Incidents occur every year in Norway’s petroleum industry which could have developed into a major accident under only slightly different circumstances. A clarification of the risk concept in the regulations could help to reduce these events.
The Petroleum Safety Authority Norway (PSA) and the Norwegian Labour Inspection Authority have jointly audited Point Resources’ routines for handling notifications of censurable conditions (whistleblowing) at work.
What is the status of the oil industry today? How have we overcome the crisis, what has it cost, and where does the sector stand now? What about its reputation and – above all – safety work?
We have carried out an audit of Equinor Energy’s (Equinor) follow-up of materials handling, use and maintenance of lifting equipment, scaffolding/access techniques and management of the working environment for the M&M and SIP professions at Kristin.
We have carried out an audit of Equinor focused on the management of operational risk for Hammerfest LNG.
We have carried out an audit of OSM Offshore and the Haven mobile quarters facility. The audit was focused on emergency preparedness and the helideck.
We have given Faroe Petroleum consent to drill exploration well 31/7-3 S.
We have given Aker BP consent to use the Maersk Reacher mobile facility as a quarters facility on the Valhall field.
We have carried out an audit of MOL Norge in respect of the company’s first drilling operation on the Norwegian Continental Shelf.
We have given Equinor Energy AS (Equinor) consent to use Snorre B beyond its original operating life.
We have carried out an audit of Equinor focused on drilling and emergency preparedness on the Statfjord C facility.
Two questions concern us above all others:
Identifying risk, with an associated understanding of possible accident scenarios and consequences, represents the basis for all safety work.
Understanding risk is necessary in order to
Risk is not a static and innate characteristic of a given activity, which cannot be influenced. It develops over time in step with such aspects as
As a decision support tool, risk analyses form part of the basis for managing risk. Risk analyses and studies seek to obtain the greatest possible insight into the enterprise, including the identification of knowledge gaps.
The aim is to understand how hazards can arise and develop in order to implement the most appropriate measures where they can be most effective in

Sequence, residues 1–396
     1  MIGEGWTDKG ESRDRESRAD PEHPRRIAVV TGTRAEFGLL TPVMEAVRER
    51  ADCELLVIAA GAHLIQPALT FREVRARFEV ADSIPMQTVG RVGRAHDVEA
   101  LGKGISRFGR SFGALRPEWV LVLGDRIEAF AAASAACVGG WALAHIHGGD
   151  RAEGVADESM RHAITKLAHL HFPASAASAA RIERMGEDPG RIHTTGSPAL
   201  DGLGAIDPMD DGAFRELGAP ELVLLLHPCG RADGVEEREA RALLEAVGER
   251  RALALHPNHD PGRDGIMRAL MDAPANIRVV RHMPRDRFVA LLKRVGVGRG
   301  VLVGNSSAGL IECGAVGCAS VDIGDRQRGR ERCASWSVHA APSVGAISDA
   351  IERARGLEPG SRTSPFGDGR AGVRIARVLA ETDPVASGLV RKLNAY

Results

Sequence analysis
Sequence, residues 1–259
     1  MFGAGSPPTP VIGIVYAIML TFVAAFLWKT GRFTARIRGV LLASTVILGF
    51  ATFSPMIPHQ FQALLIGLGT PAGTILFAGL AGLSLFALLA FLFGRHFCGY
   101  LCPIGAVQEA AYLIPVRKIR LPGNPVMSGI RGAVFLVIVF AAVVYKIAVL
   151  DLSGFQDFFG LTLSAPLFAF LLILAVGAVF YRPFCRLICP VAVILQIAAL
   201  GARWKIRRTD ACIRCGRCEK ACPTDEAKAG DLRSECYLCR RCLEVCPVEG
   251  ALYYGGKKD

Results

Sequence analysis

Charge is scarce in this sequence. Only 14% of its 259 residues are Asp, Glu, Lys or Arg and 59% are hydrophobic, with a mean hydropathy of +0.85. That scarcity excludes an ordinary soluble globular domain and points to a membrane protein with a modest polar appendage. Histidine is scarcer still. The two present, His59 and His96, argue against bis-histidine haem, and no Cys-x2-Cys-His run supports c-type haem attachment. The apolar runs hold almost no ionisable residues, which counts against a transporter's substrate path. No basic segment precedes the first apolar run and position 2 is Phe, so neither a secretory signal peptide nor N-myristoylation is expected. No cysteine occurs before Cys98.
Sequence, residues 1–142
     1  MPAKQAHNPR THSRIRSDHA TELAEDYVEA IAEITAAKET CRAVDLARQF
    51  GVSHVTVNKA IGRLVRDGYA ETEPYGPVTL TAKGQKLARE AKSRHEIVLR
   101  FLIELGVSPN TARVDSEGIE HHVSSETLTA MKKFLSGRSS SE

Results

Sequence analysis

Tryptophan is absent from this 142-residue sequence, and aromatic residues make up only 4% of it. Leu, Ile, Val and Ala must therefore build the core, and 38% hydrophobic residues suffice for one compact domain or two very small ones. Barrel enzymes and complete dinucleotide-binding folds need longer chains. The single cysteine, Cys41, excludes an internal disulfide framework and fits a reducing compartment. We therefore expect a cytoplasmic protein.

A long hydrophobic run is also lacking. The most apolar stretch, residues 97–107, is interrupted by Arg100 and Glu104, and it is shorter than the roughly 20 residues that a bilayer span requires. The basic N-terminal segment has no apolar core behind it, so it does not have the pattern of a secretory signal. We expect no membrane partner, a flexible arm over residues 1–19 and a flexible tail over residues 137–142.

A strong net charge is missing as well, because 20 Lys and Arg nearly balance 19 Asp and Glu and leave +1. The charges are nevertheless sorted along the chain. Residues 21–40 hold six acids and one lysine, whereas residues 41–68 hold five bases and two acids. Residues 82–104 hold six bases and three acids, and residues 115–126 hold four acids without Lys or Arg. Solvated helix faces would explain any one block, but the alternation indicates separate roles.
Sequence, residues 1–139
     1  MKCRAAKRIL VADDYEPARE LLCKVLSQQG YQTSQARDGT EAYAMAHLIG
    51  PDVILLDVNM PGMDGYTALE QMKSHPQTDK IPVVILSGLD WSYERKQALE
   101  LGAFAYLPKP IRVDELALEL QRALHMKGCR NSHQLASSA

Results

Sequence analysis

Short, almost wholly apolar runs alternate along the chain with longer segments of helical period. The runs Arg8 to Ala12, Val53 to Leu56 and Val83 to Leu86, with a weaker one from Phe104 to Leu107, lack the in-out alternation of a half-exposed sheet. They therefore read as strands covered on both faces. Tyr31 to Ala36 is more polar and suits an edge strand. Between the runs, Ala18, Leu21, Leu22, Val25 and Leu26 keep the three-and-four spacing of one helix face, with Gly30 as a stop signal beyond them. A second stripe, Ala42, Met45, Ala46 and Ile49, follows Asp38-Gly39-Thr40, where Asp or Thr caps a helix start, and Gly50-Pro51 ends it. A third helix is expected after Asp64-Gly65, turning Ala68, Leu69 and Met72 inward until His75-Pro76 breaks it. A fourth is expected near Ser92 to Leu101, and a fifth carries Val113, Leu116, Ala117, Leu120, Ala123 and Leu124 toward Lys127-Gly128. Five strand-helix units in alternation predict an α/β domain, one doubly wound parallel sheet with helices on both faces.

Risk analyses must necessarily build on some assumptions and assessments, which are based to a varying degree on experience, knowledge, scientific methods and expectations of the future.
An understanding of the basis on which such analyses build and the limitations they incorporate is accordingly crucial.
The analyst must accordingly clarify what they know and do not know, what is history and what assessments of the future, and what opportunities are available for influencing operations so that they can be conducted in an acceptable manner.
Nor must the results or figures generated by risk analyses overshadow the point of conducting them: to obtain the knowledge need to control risk in each activity.
A risk analysis process enhances risk understanding in order to implement risk-reduction measures.
What is risk?
The traditional way of describing risk in an analytic context is as probability times consequences, calculated through various risk values or categories.
In certain contexts, moreover, it can be appropriate to compare risks in order to acquire a perspective on their comparative importance in an activity.
But this approach to defining risk is too narrow and limiting for the ability to understand, administer and manage activities and enterprises.
On that basis, risk can be defined as the consequences of an activity with the associated uncertainty.
Quantitative or qualitative analyses, assessments or comments retailed to this uncertainty, and thereby the risk, must always be viewed in relation to who is conducting the analysis. Uncertainty is somebody’s uncertainty about what the consequences will be.